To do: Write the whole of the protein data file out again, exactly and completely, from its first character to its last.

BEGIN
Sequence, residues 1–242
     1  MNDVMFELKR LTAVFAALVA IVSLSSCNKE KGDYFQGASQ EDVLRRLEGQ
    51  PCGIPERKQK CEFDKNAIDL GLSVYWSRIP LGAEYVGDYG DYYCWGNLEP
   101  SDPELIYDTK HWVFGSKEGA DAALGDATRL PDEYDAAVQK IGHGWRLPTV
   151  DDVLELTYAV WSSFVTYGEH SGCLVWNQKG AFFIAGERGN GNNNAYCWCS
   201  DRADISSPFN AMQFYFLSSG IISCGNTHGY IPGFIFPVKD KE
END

Sequence, residues 1–242
     1  MNDVMFELKR LTAVFAALVA IVSLSSCNKE KGDYFQGASQ EDVLRRLEGQ
    51  PCGIPERKQK CEFDKNAIDL GLSVYWSRIP LGAEYVGDYG DYYCWGNLEP
   101  SDPELIYDTK HWVFGSKEGA DAALGDATRL PDEYDAAVQK IGHGWRLPTV
   151  DDVLELTYAV WSSFVTYGEH SGCLVWNQKG AFFIAGERGN GNNNAYCWCS
   201  DRADISSPFN AMQFYFLSSG IISCGNTHGY IPGFIFPVKD KE